5. Very helpful and practical tips, Jessica. I’m delighted to know about PicMonkey!

    I especially appreciated your clarity about the ethics involved in pinning other people’s photos without proper credit.

  6. Jessica, these tips are fantastic! Can’t wait to start implementing them on Pinterest. I’ve definitely noticed that when you pin great images, people really do start following and engaging with your brand. It takes time but it works.

  7. I always thought making my own graphics would be too hard and I would always simply have to re-pin other people’s graphics that I like… this tutorial has really made it nice and easy to understand… guess what I’ll be doing this evening!@!

  8. Thanks Jess, I totally hadn’t realised you could add your link to the images, now I get it!

  9. Very cool… I do good morning motivational quotes. Great way to make them images.

    Great post Jessica.

  10. Just to let you know your web page looks a little bit different in Firefox on my computer with Linux .

  11. I am just catching on to Pintrest. I love the visual aspect, just not sure how to get found on Pintrest. Any tips on that Jessica?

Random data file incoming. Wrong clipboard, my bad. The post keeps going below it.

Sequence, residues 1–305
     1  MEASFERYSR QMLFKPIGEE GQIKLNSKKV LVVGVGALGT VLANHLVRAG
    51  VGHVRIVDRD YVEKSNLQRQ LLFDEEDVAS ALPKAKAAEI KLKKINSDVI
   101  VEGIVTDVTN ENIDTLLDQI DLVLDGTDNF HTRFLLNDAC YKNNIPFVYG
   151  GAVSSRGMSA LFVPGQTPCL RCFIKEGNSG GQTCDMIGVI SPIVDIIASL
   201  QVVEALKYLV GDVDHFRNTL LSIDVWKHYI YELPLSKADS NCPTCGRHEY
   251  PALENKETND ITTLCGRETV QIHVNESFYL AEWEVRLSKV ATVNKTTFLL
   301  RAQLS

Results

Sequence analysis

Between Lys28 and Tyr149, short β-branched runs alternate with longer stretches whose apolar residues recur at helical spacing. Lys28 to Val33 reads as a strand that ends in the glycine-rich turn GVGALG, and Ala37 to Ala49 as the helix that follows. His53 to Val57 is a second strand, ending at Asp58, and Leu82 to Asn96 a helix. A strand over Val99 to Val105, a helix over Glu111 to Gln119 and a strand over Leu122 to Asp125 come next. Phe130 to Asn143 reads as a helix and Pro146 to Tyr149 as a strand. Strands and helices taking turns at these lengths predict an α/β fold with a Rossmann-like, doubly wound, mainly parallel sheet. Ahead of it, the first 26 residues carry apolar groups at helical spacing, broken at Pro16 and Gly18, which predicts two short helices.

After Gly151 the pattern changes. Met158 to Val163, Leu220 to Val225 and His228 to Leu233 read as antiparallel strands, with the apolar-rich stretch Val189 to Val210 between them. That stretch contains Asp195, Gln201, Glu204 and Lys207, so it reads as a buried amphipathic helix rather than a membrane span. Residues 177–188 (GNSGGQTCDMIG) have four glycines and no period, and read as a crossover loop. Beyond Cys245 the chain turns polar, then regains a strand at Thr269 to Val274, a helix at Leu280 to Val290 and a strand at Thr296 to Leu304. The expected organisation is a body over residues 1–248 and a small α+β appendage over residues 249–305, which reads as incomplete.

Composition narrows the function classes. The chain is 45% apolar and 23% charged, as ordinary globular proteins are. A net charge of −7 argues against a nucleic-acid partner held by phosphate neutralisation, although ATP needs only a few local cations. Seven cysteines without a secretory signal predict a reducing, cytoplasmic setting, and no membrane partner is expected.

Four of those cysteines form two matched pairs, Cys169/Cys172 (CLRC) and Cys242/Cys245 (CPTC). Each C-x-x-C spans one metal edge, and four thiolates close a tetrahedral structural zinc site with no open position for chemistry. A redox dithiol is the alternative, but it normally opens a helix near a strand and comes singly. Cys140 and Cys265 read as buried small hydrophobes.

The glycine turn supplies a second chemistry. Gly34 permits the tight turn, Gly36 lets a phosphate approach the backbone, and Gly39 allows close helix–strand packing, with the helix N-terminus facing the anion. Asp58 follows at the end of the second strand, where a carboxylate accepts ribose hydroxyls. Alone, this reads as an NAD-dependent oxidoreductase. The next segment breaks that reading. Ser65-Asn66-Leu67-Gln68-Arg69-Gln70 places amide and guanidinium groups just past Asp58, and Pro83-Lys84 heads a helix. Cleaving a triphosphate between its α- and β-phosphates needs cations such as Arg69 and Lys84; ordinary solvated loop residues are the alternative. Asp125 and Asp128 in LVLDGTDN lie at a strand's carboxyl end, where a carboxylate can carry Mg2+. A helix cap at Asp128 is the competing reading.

• Kristina | Team LKR says:

      Hey Julie,
      One tip is to make sure you’re describing/tagging your pins appropriately (yes, you can use hashtags on Pinterest), not just pinning with the URL. That way, your content is more likely to show up in search results.

  12. This is such a useful post. Thank you! I love love love PicMonkey. I use it all the time in my business and my son and daughter now love to use it for their school projects!

  13. These are great steps Jessica. I’ve just created my new content strategy in line with my new website launching in a month or so and creating shareable images is definitely a part of that strategy. Actually I will get to work on creating an image for me new option. Thanks for a great post.